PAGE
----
One of the difficulties of cross-cultural ministry is understanding how different cultural practices relate to the Christian Faith. An American teacher must pray for the Holy Spirit to grant him discernment while he is interacting with the African students. Professor B. Makhathini of the University of Swaziland has given an excellent metaphor for understanding this struggle from an African perspective.
"Before the bread of life (the Christian faith) came to our part of Africa, it stayed in Europe for over a thousand years. There the Europeans added a plastic bag (their own customs) to the bread. And when they came to southern Africa, they fed us a plastic bag along with the bread. Now the plastic is making us sick! The plastic is theirs, but the bread belongs to everyone. We know that God planned for us to receive the bread just as he planned for them to receive it. We can remove the plastic and enjoy the bread."
Of course, there are certain customs in each culture that are against the Christian faith. No matter where a person lives, when he becomes a Christian, he must leave those customs. Some of them are obvious and others are difficult to discern. It is not an easy job for a teacher to enter a culture with unfamiliar customs and to know what to encourage the people to keep or not to keep. The problem is that we ourselves have customs from our own culture that we take for granted, even believing them to be a part of the Christian faith. How blind are we to our own need to soberly examine our way of life. Sometimes we are too quick to point out what we think to be wrong in the way someone else lives. Are we willing to change our own customs to match up to God's "custom"? And what is that? It is God's will that we be conformed to the image of His Son, Jesus, who told His disciples, "I have given you an example, that you also should do as I have done to you." Jesus showed them a new "custom" -- to be a servant of all.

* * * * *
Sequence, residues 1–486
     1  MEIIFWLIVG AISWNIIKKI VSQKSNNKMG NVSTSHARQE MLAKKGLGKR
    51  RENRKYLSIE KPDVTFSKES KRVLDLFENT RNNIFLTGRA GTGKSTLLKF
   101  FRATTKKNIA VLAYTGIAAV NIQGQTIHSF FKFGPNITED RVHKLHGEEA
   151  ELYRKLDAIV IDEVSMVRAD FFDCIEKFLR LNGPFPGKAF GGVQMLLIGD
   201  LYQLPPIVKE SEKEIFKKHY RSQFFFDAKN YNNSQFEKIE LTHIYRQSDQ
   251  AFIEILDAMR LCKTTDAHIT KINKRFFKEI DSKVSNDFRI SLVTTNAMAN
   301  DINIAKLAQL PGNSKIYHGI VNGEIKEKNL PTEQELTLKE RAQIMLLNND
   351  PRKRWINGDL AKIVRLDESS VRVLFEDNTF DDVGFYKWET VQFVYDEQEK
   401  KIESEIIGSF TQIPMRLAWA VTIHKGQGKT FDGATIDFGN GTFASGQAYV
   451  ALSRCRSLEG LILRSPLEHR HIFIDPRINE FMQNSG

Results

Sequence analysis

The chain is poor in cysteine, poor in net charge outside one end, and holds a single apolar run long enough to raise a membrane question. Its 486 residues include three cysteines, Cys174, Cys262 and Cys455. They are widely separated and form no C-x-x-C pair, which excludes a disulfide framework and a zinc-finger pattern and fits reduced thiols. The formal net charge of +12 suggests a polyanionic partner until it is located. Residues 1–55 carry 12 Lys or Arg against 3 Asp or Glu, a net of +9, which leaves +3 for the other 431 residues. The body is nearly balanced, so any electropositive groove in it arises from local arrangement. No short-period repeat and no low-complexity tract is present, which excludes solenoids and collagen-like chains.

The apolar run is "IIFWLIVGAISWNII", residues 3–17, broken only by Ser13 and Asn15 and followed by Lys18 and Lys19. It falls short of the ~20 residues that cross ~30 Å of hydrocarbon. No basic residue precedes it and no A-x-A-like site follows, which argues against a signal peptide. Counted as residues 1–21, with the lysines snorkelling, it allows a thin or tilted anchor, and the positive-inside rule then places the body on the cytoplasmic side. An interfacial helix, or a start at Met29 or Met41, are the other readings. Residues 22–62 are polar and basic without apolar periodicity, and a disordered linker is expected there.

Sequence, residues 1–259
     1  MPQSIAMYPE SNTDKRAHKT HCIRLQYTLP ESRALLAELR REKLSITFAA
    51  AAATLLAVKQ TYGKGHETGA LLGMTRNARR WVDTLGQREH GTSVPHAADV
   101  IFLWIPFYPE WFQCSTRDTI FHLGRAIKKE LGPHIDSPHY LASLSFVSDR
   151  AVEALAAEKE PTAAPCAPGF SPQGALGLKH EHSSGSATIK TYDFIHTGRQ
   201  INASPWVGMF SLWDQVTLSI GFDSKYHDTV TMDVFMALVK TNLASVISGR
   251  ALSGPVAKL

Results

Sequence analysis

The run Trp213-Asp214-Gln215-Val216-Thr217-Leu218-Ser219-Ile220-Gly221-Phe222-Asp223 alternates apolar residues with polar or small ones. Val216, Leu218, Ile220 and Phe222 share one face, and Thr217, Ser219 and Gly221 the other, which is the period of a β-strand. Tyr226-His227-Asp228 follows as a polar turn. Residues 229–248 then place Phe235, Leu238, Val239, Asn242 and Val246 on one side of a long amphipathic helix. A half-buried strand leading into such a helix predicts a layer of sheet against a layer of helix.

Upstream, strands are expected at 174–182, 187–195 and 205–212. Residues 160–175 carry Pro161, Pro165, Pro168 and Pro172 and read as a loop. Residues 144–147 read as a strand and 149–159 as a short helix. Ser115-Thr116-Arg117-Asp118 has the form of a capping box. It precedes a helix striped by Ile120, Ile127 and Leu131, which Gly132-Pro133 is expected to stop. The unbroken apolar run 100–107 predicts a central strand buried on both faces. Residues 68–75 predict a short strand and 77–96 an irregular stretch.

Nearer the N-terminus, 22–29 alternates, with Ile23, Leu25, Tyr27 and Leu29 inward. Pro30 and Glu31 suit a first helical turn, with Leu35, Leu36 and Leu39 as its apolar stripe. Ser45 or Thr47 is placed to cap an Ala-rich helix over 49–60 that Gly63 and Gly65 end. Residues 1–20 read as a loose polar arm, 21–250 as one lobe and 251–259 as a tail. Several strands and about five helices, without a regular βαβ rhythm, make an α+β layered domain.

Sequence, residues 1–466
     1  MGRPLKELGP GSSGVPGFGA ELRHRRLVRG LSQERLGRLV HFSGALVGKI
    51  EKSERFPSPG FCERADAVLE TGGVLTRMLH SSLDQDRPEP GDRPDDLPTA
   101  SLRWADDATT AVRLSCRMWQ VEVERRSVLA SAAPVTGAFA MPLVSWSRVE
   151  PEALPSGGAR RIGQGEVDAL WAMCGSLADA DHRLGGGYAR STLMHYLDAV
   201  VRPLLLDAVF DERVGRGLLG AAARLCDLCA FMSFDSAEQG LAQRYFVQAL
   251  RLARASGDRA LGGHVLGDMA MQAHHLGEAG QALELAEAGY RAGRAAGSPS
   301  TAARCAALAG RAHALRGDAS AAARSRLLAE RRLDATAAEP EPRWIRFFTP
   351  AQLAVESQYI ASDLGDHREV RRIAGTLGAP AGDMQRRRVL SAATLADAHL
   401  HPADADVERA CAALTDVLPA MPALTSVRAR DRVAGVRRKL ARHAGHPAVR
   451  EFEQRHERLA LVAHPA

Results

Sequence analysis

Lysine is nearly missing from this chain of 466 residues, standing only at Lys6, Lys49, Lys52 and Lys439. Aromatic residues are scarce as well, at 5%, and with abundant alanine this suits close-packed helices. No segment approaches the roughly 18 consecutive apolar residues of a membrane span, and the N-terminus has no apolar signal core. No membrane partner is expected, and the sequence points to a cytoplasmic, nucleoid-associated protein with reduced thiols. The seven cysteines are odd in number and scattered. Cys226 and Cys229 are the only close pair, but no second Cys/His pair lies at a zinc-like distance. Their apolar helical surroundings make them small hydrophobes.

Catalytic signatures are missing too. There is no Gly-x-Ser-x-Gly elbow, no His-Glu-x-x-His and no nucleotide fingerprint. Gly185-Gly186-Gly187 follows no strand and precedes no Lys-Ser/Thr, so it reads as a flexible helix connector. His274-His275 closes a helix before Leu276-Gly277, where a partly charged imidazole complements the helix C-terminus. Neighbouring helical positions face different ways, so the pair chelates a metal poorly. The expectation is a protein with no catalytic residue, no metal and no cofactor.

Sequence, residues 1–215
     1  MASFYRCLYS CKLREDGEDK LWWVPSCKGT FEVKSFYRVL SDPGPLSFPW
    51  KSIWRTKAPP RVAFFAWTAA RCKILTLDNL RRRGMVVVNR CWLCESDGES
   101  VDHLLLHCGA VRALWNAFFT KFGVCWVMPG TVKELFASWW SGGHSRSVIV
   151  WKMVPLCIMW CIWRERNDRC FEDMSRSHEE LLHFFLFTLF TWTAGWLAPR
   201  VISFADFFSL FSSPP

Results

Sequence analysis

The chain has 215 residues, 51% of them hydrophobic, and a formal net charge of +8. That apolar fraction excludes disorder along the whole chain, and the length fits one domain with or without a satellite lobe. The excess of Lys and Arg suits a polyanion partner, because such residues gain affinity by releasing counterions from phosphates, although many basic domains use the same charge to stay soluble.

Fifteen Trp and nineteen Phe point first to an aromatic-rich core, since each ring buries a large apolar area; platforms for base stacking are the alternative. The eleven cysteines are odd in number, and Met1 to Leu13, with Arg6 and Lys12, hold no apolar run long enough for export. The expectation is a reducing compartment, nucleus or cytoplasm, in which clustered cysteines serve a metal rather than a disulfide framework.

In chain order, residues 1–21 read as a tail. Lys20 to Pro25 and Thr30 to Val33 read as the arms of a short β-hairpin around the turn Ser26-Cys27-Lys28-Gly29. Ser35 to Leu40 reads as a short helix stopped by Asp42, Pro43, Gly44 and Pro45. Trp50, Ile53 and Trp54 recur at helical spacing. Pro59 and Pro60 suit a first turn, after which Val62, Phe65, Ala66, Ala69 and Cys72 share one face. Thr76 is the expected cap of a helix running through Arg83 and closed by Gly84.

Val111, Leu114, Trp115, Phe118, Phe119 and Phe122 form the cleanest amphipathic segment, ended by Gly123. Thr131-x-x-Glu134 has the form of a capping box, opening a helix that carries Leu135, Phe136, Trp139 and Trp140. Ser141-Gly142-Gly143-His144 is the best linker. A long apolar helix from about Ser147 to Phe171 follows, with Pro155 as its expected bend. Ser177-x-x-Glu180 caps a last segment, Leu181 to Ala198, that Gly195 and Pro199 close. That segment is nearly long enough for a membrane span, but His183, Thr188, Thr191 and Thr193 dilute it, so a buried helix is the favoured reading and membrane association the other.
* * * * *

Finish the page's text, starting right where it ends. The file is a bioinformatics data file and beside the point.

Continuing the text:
This principle of discernment is not just for foreign missionaries. It applies to all of us as we interact with our neighbors or others that we meet along the way. Do we try to convert them to the way we live out our faith, or are we willing to just feed them Jesus and let Him work in their life? Yes, the bread of life is for everyone. Jesus said, "I am the living bread that came down from heaven. If anyone eats of this bread, he will live forever." Yet, we must constantly be aware of the cultural wrappers we often put around Him when we share Him with others. We know the Bread is good for them, but we should not insist that they eat the plastic too!
May the peace of Christ be with you.